Viewpoint

The political history of defining race

In several states, including North Carolina, a drop of black blood once determined which restrooms, waiting rooms and other facilities you could use.
In several states, including North Carolina, a drop of black blood once determined which restrooms, waiting rooms and other facilities you could use. educationnews.org

North Carolina’s House Bill 2 has prompted so many weird assertions that some don’t get due attention. Take Gov. Pat McCrory’s recent claim about race on Fox News Sunday. When asked how a law regarding discrimination based on gender identity differed from one based on race, he replied, “We can definitely define the race of people. It’s very hard to define transgender or gender identity.”

So how has this country defined race? From the start, the definition has been a political act designed to benefit whites and disadvantage blacks.

Consider the slave Sally Hemings. Historians now generally agree that Thomas Jefferson probably fathered six children with her. With three white grandparents, she was mostly white, and she looked it. A contemporary described her as “mighty near white..., very handsome, long straight hair down her back.” But by law her children were black, and therefore legally were Jefferson’s slaves. The system worked – for whites.

Losing the Civil War didn’t keep racism out of policy making for long. By the early 1900s whites’ devotion to segregation led to laws based on a “one-drop rule” – a single drop of “black blood” in your veins made you black. The black activist Malcolm X reportedly said black blood must be powerful stuff if one drop could overcome all that white blood.

North Carolina enacted such a law in 1923. It dictated whether you’d use the White or Colored restroom and water fountain, what school you’d attend, and whether you could vote – that is, whether you’d be a first- or second-class citizen.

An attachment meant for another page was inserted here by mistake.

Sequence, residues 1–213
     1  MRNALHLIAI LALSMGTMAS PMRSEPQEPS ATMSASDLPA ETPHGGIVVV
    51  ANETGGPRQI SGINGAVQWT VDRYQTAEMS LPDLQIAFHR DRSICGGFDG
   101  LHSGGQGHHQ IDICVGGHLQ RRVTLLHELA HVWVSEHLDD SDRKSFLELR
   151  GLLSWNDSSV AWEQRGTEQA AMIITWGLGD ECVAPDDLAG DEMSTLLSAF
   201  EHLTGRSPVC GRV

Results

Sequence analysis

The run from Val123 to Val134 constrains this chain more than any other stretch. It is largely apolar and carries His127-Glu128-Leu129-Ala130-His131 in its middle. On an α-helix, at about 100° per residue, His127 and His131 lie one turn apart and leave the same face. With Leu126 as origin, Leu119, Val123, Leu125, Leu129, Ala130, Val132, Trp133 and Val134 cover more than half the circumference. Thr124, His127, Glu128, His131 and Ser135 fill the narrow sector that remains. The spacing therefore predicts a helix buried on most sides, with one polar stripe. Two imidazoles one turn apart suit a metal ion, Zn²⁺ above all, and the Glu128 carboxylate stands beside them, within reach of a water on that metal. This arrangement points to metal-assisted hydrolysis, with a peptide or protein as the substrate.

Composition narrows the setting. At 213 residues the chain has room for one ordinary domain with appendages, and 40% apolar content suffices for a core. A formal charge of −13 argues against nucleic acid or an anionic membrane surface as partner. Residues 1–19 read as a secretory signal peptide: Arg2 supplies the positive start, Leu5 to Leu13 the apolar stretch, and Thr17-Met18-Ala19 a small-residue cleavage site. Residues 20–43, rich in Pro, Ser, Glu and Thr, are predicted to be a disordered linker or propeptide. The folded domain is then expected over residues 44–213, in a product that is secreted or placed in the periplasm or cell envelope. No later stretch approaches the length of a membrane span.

Virginia, however, had a problem. Though whites, blacks and native Americans had been producing mixed-race babies there for centuries, a Racial Integrity Act proposed in 1924 would have classified babies at birth as either white or colored. Colored would have included babies with Indian ancestry.

Hold on there, said some influential First Families of Virginia. They proudly traced their lineage to include Pocahontas, a Powhatan Indian who in 1607 saved the life of John Smith, a founder of Jamestown, the New World’s first permanent English colony. She later married John Rolfe, a prominent and wealthy colonist.

To placate the FFV, legislators concocted the “Pocahontas Exception”: a person with no more than one-sixteenth Indian blood could be considered white.

The one-drop rule is long gone, but it shaped our country’s perception of race. Why else would Tiger Woods, who is one-fourth black, one-fourth Thai, one-fourth Chinese, one-eighth Caucasian and one-eighth American Indian, be considered black?

By the way, governor, here’s how the U.S. Census Bureau determines a person’s race: It asks, and each person chooses. Simple, eh?

Ed Williams retired in 2008 as editor of The Observer’s editorial pages. He’s the author of “Liberating Dixie: An Editor’s Life, from Ole Miss to Obama.”

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